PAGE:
AB 5 (Gonzalez Fletcher) – “Opportunity to Work Act” – Based on similar proposals adopted recently in San Francisco and San Jose, this bill requires employers with 10 or more employees in the state to offer additional hours of work to part-time employees before hiring an additional employee or subcontractor (even through a staffing agency or similar entity).
AB 55 (Thurmond) – Refineries – Existing law requires operators of refineries, when contracting out for construction and related work, to use a “skilled and trained workforce,” as defined. However, that requirement does not apply to contracts awarded before January 1, 2014. This bill requires a refinery operator who claims that exemption to file a copy of the contract with the administering agency. A redacted copy of the contract would be a public record, available for inspection by the public.
AB 326 (Salas) – Barbering and Cosmetology: Domestic Violence/Sexual Assault Training – Requires the State Board of Barbering and Cosmetology to require an applicant for a license to take a one-hour training on domestic violence and sexual assault awareness.
AB 353 (Voepel) – Veterans’ Preference – Hiring Policy – Authorizes a private employer to establish and maintain a written veterans’ preference employment policy to give a voluntary preference for hiring or retaining a veteran. The granting of such a preference, in and of itself, shall not be deemed to violate local or state employment discrimination laws. This bill is identical to another bill introduced this year, AB 1477 (Brough). Both bills are similar to AB 1383 (Jones) from last year, which failed passage in the Senate Judiciary Committee.
AB 387 (Thurmond) – Minimum Wage: Health Professionals: Interns – Provides that state minimum wage law applies to employers that employ a person engaged in a period of supervised work experience to satisfy requirements for licensure, registration, or certification as an “allied health professional,” as defined.
AB 581 (McCarty) – Apprentices – Imposes certain recordkeeping requirements on apprenticeship programs that receive specified grant funds from the California Apprenticeship Council. If the program is found to be using grant funds for purposes other than training apprentices, the program shall be ineligible to receive future grants and their registration may be rescinded.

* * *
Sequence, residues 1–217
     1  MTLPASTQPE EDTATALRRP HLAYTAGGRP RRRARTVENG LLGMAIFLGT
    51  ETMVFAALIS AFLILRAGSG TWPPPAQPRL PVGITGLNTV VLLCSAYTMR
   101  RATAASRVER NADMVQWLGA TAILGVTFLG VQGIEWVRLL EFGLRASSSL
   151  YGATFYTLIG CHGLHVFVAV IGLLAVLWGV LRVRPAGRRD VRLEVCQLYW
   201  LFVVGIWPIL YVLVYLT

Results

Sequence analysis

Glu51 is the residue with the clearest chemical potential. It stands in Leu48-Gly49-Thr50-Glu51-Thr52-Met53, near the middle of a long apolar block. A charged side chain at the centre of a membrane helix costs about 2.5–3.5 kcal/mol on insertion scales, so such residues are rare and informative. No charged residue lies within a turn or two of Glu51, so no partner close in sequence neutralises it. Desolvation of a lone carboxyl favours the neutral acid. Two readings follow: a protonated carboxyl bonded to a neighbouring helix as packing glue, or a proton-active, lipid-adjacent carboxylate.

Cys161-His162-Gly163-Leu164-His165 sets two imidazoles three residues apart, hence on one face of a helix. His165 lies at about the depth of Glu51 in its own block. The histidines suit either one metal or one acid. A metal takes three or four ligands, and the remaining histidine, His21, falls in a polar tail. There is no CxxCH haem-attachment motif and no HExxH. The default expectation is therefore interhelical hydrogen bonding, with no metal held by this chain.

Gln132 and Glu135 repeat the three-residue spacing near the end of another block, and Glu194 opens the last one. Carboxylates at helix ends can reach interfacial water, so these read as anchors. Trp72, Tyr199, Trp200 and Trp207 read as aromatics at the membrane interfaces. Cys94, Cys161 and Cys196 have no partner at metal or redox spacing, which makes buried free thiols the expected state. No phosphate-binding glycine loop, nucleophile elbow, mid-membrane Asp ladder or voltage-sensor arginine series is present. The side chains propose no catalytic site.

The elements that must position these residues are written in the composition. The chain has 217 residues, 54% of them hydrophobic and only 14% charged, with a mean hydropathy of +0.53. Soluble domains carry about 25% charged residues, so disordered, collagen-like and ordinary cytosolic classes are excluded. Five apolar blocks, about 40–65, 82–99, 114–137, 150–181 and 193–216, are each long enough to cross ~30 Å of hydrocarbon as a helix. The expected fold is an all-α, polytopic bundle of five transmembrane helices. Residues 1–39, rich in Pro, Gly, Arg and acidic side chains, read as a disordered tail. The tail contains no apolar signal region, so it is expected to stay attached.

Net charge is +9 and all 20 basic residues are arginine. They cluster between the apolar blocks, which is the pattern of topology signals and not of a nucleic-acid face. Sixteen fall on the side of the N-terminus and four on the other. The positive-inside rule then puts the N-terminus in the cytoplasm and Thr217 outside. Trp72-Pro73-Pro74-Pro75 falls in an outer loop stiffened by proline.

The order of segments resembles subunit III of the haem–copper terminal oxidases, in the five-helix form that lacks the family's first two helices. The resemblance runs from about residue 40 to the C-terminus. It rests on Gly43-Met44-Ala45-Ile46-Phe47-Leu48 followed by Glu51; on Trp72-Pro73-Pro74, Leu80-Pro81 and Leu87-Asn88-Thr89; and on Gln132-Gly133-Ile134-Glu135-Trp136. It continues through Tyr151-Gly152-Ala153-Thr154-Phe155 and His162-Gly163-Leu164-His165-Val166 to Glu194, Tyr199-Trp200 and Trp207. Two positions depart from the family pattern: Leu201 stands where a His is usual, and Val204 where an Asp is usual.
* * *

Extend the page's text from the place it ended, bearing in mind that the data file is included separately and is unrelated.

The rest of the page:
AB 831 (Patterson) – Tax Credits: Compliance – Provides a tax credit for qualified small businesses of $25 for each hour spent on compliance with state regulations and laws (not to exceed $1,200).
AB 1425 (Kalra) – Apprentices – Requires contractors to provide specified contract information to the apprenticeship committee for each applicable craft or trade in the area of the public works project within 10 days of the execution of a contact (or not later than the first day work begins). This bill also provides that a contractor or subcontractor that knowingly commits four or more apprenticeship violations in a three-year period shall be ineligible to bid on a public works contract for one year.
AB 1461 (Thurmond) – Food Delivery Enterprises – This bill, for purposes of existing law related to mandated food handler cards, defines a “food facility” to include a business organized for profit to receive food orders and fulfill those orders, if the employee works with unpackaged food. This bill is aimed at food delivery services (such as Blue Apron). It is sponsored by the United Food and Commercial Workers Union, and appears aimed at innovative food delivery enterprises that labor groups perceive as a threat to traditional grocery stores.
AB 1556 (Stone) – Pregnancy Disability Discrimination – Amends provisions of the Fair Employment and Housing Act related to pregnancy disability discrimination and leave to delete the terms “female person” and “female employee” and replace them with gender neutral terms. This bill is sponsored by Equality California, who states the following as rationale for the bill: “These changes ensure that transgender, nonbinary, and gender non-conforming people are reflected in these protections and know that they can rely on them to meet their health needs if they become pregnant or have related medical conditions during the course of their employment.”
Assembly Labor Committee – May 3, 2017 (Wednesday) – 1:30 p.m. – Room 447
AB 281 (Salas) – PAGA – As introduced, this bill would have made significant changes to the standing and right-to-cure provisions under PAGA. However, recent amendments limit the bill to only extend the time frame for the existing right to cure certain violations under PAGA from 33 to 65 days. In light of opposition from labor groups and plaintiff attorneys, it is likely that the author is attempting to move a “watered-down” version of this bill forward as a vehicle for further discussions about potential PAGA reform. However, it remains to be seen whether the committee will allow even this bill to move forward.
AB 1008 (McCarty) – “Ban the Box” – This bill would enact a statewide version of the “ban the box” ordinance recently adopted in Los Angeles. Among other things, the bill prohibits employers from asking about or considering conviction history of an applicant until a conditional offer of employment has been made, and requires employers to provide certain information to applicants and allow for a 10-day opportunity for the applicant to submit evidence of mitigation or rehabilitation.
AB 1701 (Thurmond) – Labor-Related Liabilities: Original Contractor – This bill, sponsored by the California Conference of Carpenters, would make a general contractor on a construction project liable for wages or fringe benefits not paid by a subcontractor at any tier of the project. The bill would also provide for a civil action to enforce this liability.